Almost nobody needs inspiration, it turns out.
Do you want to make a picture of a pretty thing, or an interesting thing? Point the camera at it, and press the button. If you want your picture to be specially appealing, apply some technical know-how, apply some rules of thumb, and pick a gimmick or two out of the gimmick bag. You're pretty much there. Do it competently, and it'll look just like the pictures in the calendars. Arrange to have extraordinarily pretty things in front of the camera, and you might do very well indeed.
Taking pictures of babies and weddings isn't easy. It requires technical skills, problem solving skills, all around ability to do it well. What it does not require is inspiration. The pictures you need to make are all on a list. These groupings of people, these objects, these moments of the day. You might need non-photographic inspiration to get enough light onto the bride or baby, to get the family all in frame at once, or to get a smile out of the grouchy toddler. You won't need any inspiration to imagine the images, though.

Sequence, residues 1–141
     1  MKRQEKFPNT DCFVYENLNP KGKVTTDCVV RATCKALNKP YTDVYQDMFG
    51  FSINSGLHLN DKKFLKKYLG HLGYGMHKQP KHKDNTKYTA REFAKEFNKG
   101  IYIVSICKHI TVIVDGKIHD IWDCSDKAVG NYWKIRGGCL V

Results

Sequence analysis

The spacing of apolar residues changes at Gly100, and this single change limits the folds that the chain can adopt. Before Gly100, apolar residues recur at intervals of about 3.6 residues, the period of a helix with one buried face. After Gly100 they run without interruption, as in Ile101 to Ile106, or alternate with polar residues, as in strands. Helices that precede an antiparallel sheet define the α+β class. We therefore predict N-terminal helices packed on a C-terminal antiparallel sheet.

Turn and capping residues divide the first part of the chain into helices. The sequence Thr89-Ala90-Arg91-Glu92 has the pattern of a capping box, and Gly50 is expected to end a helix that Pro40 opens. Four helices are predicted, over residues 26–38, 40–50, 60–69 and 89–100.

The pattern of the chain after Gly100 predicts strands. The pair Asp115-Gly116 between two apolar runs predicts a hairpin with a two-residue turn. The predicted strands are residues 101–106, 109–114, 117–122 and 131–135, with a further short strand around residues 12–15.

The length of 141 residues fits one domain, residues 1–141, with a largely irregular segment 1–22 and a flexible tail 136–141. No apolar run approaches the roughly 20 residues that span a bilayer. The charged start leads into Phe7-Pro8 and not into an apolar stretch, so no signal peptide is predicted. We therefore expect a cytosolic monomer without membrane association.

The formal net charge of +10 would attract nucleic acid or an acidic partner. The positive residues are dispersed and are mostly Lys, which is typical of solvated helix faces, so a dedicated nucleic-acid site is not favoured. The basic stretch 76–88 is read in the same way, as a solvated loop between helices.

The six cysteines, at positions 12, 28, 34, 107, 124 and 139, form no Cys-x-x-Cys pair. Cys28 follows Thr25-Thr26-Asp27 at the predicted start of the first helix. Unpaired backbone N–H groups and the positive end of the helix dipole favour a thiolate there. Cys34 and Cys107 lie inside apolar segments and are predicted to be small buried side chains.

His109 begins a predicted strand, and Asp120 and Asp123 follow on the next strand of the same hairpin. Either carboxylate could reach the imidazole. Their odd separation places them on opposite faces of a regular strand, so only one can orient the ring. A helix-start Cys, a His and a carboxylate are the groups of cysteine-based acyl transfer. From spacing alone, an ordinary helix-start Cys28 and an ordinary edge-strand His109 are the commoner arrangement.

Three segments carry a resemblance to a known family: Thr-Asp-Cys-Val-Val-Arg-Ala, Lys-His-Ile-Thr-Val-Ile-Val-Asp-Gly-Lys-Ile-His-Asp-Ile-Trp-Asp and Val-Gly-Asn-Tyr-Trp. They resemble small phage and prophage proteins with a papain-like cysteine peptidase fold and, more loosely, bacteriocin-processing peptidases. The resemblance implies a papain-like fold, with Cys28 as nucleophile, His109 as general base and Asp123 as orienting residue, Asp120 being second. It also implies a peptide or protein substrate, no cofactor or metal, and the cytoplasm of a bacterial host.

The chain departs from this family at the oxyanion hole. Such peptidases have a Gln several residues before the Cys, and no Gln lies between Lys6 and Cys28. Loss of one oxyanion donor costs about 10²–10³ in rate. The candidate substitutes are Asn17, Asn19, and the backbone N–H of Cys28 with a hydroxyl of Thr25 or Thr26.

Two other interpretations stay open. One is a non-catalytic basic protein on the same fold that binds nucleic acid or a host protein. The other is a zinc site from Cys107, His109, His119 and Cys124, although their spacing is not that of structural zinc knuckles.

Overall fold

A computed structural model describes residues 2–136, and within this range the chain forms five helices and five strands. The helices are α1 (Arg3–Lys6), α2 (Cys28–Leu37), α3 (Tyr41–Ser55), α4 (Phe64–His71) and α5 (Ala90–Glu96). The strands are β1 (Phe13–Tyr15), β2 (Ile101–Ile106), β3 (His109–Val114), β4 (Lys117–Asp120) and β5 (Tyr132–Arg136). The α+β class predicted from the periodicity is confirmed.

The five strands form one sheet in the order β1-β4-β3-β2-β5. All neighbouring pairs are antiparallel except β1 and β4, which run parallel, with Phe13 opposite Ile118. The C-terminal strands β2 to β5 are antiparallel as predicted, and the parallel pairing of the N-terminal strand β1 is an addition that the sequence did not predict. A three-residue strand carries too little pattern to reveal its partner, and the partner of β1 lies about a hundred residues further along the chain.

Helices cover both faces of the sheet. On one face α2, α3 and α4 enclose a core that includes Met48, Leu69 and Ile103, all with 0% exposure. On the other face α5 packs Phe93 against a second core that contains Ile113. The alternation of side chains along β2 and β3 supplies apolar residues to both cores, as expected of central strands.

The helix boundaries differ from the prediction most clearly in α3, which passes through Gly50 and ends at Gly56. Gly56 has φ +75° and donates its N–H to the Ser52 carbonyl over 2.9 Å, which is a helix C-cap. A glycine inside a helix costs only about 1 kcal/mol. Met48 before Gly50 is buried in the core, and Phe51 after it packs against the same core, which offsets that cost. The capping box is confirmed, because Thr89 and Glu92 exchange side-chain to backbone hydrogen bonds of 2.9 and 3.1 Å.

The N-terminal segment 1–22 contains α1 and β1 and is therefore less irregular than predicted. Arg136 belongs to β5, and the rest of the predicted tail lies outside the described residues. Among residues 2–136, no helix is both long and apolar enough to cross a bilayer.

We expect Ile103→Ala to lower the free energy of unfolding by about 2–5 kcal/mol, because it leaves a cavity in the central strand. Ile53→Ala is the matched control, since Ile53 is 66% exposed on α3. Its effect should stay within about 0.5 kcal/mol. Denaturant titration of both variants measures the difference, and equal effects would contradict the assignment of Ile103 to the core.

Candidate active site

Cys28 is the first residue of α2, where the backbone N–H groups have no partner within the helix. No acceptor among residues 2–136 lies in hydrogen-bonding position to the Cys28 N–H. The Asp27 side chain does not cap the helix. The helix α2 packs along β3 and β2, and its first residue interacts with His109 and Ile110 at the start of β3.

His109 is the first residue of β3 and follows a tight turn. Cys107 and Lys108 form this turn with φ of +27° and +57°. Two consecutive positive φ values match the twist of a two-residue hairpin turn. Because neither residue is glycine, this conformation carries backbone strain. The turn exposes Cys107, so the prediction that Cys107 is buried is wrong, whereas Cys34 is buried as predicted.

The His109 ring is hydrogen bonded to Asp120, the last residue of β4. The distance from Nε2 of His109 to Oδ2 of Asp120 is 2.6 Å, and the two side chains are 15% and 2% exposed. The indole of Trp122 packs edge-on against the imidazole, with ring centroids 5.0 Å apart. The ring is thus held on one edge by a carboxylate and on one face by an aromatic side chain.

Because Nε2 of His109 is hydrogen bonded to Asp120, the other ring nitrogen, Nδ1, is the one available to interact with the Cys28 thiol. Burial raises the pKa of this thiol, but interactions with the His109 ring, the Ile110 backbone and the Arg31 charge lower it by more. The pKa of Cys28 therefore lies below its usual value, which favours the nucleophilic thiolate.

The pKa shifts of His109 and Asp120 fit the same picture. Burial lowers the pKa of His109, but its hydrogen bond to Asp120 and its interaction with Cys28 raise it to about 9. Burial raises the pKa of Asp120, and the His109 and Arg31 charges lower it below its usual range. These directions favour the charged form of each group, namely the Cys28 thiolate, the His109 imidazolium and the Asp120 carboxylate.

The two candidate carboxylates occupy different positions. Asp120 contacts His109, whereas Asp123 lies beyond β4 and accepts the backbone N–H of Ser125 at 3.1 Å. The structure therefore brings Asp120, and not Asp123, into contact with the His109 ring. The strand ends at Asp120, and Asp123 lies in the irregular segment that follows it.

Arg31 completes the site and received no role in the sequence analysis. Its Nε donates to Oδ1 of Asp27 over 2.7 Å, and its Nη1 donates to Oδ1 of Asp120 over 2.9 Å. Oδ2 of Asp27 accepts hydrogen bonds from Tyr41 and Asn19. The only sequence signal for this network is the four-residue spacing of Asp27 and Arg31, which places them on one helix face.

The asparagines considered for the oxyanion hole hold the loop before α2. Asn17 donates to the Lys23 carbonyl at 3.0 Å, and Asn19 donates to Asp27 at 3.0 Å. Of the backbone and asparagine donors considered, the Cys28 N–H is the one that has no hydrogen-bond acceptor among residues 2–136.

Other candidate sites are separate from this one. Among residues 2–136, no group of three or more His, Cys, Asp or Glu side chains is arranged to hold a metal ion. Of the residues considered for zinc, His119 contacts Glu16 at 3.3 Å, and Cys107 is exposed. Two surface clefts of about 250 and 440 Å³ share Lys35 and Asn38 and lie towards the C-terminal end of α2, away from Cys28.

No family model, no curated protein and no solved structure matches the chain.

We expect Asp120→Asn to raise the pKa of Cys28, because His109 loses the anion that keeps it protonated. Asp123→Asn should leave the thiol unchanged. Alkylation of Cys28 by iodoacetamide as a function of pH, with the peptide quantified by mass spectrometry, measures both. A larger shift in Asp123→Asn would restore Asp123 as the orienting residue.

You only need inspiration when the desired image is not obvious. It's not a list, it's not a copy of some other image, and it's not a copy of whatever's in front of you. It's something else.
A wedding photographer might look for inspiration, to find that one image that captures the essence of this wedding as it is distinct from all other weddings, as it is unique in and of itself, and special to the people in it.
A landscape photographer might look for inspiration to find that image which looks nothing like the scene in view, and yet somehow exactly like it, but distilled to an essence, a feeling.
My suspicion is that many photographers, even many excellent photographers, don't know that this is even a possibility. Many photographers like cameras more than they like pictures, and many photographers like pictures that pretty much look like the thing they are a picture of. Their highest ambition is to make a picture that really really looks like the thing that was in front of the camera. There's nothing particularly wrong with that. The stuff in front of the camera can be pretty amazing.
Do you look at Ansel Adams' picture of El Capitan and think "Wow, that is one spectacular rock!" or do you think "El Capitan looks nothing like that, and yet also exactly like that?"